The full-immersion experience of Killer Joe doesn’t end with the scene outside the theatre, on a rough patch of grass and dirt on the edge of the Italian Cultural Centre parking lot. There, you will enter what looks like a trailer park, complete with , a hot-dog barbecue, an old car that looks like it’s being lived in, and a beat-up Dolphin camper selling vodka lemonades. Lawn flamingos and clotheslines top off the experience.
But with this site-specific tale of a white-trash Texas murder plot that goes woefully awry, the fine folks at Itsazoo Productions take an audience of just over 30 right into a wood-panelled trailer where the beer-swilling, swearing, and often semi-naked Smith clan is often only a few feet from your face. During rehearsal, Ted Cole, as the hard-boozing family patriarch, dives to smash a bug only inches from where the audience’s feet will be, then gets into a rough tussle with his daughter, Dottie (Meaghan Chenosky) that sends a kitchen chair toppling perilously close to the seating area. (Note that, for shyer audience members, the seats at the end of this human hothouse are a little farther away.)
If the whole thing feels in-your-face intimate and claustrophobic—well, that’s kind of the idea.
“A big part of the story is that the characters are trapped here. They’re poor, they’re uneducated, and they have no way out,” explains the show’s director, Chelsea Haberlin, sitting on one of the audience’s retro kitchen chairs, lined up against the wall of the trailer through the kitchen and living room. “The trailer park is kind of this prison for them. So there is that sense of confinement, and when you put the audience in here you want them to feel that confinement.”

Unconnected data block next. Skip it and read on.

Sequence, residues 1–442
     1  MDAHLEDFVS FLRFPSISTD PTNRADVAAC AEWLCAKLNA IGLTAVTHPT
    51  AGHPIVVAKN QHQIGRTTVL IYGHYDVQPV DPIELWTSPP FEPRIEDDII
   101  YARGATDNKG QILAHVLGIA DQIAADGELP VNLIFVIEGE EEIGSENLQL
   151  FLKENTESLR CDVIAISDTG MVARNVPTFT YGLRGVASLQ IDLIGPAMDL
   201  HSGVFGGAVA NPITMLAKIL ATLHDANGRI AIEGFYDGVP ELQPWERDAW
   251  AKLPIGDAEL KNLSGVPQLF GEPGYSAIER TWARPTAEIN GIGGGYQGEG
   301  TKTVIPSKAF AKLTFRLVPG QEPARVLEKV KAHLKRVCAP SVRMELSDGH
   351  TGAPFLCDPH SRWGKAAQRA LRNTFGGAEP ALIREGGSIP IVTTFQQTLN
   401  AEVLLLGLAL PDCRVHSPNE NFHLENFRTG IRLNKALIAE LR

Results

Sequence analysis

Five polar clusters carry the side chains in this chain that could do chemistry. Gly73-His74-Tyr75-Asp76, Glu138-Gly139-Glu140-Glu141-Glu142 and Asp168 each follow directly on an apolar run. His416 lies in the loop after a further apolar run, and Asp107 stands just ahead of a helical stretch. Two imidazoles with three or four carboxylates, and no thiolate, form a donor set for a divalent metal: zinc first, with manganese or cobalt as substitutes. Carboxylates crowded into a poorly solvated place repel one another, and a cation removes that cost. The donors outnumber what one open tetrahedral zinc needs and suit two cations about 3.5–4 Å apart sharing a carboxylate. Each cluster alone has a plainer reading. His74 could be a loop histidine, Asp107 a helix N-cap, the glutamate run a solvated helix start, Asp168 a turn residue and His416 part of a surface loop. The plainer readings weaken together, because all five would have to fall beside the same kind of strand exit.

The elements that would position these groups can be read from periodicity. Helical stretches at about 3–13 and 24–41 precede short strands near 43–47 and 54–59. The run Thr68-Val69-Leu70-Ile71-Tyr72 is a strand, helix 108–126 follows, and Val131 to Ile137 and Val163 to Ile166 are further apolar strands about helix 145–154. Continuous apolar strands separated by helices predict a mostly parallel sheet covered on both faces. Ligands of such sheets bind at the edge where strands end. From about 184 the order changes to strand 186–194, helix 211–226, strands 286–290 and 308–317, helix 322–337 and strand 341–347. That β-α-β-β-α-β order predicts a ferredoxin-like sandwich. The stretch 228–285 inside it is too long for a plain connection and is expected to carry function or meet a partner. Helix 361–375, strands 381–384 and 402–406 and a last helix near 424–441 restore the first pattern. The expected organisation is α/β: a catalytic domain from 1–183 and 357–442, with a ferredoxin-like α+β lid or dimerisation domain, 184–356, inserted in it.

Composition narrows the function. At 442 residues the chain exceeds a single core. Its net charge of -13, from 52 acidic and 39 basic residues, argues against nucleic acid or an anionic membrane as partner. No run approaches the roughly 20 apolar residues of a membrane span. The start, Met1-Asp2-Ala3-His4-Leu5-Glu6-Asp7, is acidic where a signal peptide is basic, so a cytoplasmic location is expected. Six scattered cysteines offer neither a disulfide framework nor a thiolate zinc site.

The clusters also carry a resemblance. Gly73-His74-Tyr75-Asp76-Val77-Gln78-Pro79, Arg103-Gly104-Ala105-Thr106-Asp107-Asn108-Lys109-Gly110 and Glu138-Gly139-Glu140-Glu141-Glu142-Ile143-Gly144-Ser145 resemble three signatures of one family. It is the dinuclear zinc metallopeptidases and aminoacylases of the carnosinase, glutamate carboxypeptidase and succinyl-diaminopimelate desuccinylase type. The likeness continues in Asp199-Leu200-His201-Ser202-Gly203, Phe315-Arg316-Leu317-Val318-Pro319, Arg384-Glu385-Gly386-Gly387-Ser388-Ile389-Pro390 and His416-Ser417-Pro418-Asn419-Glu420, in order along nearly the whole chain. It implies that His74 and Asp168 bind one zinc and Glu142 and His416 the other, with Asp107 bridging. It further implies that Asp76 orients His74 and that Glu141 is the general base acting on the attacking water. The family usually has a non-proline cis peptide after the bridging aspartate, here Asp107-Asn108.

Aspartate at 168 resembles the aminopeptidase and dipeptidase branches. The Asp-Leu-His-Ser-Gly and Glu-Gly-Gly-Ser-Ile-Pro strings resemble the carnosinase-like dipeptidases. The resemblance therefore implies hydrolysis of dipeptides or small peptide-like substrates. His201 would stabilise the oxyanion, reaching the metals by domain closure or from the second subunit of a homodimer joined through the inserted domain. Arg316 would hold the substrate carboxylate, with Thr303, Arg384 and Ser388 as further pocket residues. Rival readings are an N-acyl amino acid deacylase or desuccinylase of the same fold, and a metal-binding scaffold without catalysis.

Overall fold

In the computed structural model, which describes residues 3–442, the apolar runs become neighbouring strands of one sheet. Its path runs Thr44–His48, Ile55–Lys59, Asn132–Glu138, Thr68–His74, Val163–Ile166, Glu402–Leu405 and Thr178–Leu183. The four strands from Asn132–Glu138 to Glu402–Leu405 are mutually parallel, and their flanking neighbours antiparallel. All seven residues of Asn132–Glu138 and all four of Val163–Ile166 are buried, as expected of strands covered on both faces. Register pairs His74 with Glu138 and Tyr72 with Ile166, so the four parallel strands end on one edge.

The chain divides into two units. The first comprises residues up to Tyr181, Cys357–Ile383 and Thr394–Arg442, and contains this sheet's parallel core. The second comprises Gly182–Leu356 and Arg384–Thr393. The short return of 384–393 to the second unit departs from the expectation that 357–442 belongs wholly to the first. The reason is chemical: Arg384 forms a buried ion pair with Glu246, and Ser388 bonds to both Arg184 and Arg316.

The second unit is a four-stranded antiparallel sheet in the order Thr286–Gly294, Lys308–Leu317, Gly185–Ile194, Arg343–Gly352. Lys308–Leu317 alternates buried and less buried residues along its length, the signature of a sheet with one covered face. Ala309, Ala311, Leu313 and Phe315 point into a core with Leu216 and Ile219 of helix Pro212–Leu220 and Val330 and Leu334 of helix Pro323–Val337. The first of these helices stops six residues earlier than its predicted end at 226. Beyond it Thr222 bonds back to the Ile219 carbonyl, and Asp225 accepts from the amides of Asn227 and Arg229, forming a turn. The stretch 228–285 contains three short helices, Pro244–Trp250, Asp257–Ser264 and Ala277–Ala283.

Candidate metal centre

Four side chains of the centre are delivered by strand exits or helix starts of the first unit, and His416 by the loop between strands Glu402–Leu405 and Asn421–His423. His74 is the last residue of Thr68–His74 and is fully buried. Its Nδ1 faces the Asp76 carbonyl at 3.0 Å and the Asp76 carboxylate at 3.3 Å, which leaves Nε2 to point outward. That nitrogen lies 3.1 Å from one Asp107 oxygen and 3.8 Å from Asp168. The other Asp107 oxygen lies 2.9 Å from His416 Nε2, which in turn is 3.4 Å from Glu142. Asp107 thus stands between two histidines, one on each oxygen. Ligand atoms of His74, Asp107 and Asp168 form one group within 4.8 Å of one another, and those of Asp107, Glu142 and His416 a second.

“Even the ground beneath you is unstable,” pipes up Cole, jumping on the floor and making the whole mobile home shudder.
Killer Joe, a play written by Tracy Letts (August: Osage County) and once made into a movie by William Friedkin with Matthew McConaughy as the sinister hitman the family hires to do in their mother, seemed to lend itself to the fly-on-the-wall voyeurism this setting brings, Haberlin says. “The only concern we had was safety, because there are some really intense scenes of fighting. So we had to spend eight or nine hours just choreographing these fights.”
For the actors, it means instant vulnerability for their complicated characters. “Emotionally, you can’t check out,” says Chenosky, whose Dottie is the emotional centre of the play, a sort of childlike, ethereal teen who attracts the attention of the maleficent hitman, Joe.
“The first scene is just kind of chaos,” Cole explains. “You see what life is like for these people. Then Killer Joe comes in, he likes structure; everyone has to adjust to that and everything derails.”
The story is dark, replete with sex and violence, but it also has its moments of comedy—black as it is. “Without the funny this play doesn’t have real resonance,” Haberlin stresses.
With work like this, she’s trying to get out younger audiences to theatre—audiences looking for a different experience than film, something rawer and more real.
“We like to think of it as an event instead of a play,” she says. “Come with friends, get a drink, have a hotdog under the patio lanterns.” White T-shirts, trucker hats, and cutoff shorts optional."
Killer Joe takes place beside the Italian Cultural Centre from Thursday (April 17) to May 4.